Seatposts need to be lubricated where they go in the frame, and also need to be removed and re-lubricated annually. Without this, the seatpost can sieze in place, requiring a saw and labor to remove it.
From http://www.yellowjersey.org/stukmk1.jpg and http://www.yellowjersey.org/stukmk2.jpg as of 2012/06. This is a post which was on the way to siezing but had not yet fully siezed.
Seatposts sieze this way due to a combination of design choices.
Seatposts are clamped at the top of the seat tube, but are not clamped at the bottom. In normal use, they wiggle around slightly down inside the frame.
The wiggling gradually wears the seatpost and frame. The wear is microscopic, so will not wear out the frame or seatposts, but it keeps rubbing off the surface material on the post and frame.
The fresh surface oxidizes — reacts with oxygen in the air. Metal oxides are slightly larger than the original metal. (See, for example, FAIL-102.) A seatpost is originally made loose enough to slide in and out, but once oxidized it is so tight it becomes permanently stuck and typically must be destroyed to be removed.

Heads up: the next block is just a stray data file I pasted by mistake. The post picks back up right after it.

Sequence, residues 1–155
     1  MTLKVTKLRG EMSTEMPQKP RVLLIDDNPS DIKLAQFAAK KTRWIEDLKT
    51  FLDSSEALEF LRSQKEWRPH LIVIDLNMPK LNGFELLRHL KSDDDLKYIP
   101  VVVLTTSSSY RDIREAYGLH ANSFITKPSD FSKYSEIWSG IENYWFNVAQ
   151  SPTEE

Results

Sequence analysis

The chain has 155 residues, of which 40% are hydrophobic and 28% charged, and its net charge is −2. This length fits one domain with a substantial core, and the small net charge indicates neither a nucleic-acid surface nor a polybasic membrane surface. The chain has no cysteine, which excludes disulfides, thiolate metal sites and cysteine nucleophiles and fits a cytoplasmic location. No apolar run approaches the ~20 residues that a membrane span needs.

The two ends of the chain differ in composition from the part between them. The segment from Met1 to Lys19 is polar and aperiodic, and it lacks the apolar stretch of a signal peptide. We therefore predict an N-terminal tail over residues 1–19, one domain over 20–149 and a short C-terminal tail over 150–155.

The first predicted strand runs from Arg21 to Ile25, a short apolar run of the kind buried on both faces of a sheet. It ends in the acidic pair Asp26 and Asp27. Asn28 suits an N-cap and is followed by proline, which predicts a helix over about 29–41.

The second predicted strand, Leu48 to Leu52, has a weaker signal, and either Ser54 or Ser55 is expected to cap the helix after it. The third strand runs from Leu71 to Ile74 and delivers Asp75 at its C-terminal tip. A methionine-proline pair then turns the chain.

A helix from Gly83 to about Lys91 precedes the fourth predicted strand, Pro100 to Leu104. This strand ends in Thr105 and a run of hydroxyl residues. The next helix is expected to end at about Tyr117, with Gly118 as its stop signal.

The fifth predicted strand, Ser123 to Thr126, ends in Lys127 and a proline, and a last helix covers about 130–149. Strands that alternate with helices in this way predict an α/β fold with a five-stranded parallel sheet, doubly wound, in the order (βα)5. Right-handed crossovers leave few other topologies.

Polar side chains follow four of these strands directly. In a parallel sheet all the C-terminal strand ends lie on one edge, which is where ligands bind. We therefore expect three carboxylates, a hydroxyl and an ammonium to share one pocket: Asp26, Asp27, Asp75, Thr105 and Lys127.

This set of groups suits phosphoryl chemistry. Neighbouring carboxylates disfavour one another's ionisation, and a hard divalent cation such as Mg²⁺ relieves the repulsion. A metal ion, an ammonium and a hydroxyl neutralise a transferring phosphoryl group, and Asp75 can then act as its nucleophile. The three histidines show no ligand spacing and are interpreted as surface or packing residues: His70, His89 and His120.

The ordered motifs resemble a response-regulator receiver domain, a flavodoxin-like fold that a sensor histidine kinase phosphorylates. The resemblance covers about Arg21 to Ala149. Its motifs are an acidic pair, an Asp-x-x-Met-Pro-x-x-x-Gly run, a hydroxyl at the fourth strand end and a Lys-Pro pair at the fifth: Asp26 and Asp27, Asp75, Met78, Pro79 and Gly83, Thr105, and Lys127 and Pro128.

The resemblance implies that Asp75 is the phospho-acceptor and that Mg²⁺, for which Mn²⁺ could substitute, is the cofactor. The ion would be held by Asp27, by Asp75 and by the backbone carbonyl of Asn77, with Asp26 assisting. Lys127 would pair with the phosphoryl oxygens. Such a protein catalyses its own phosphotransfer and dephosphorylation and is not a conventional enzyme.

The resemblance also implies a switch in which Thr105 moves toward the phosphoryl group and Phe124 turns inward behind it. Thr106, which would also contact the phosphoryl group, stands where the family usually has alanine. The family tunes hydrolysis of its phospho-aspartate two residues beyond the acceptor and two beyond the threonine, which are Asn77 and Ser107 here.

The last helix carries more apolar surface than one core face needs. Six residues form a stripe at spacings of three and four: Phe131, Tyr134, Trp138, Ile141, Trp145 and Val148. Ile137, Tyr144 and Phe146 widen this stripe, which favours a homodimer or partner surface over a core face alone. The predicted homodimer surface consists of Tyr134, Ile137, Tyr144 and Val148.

Quill-style stems have the same problem: the stem is held at the bottom and can wiggle at the top. They also sieze in place if not lubricated periodically. Ahead-style stems do not typically have this problem, though some "art" designs may.
The usual solution to the seatpost siezing problem is to simply remove the seatpost annually and lubricate it. Lubrication reduces wear and slows oxygen intrusion. However, enough lubricant is pressed out over time that the post will sieze if the lubricant is not replenished occasionally.
The joint could be redesigned to prevent sticking without annual maintenance. But most designs introduce new problems that have so far discouraged adoption. For example:
The gap could be made larger by using a smaller post or larger seat tube, but the post would wiggle more and eventually damage the frame at the seatpost clamp.
A smaller seatpost could be used with top and bottom shims, and with the bottom shim of plastic, to allow wiggle without jamming from oxidation. This would increase manufacturing cost and be more parts to break or slip out of adjustment.
The seatpost could be made with a lower clamp. Doing so would add substantial cost and make it more complicated to adjust the seat height.
Removing and relubricating the post is quick, so the main disadvantage of the "annual maintenace" approach is many riders are not aware of the problem and thus not aware of the need for maintenance. The above bicycle was assembled without lubricating the seatpost, and was ridden for about a year.
Related photos from http://www.yellowjersey.org/goodn.html as of 2012/06:
As noted above, quill stems also sieze.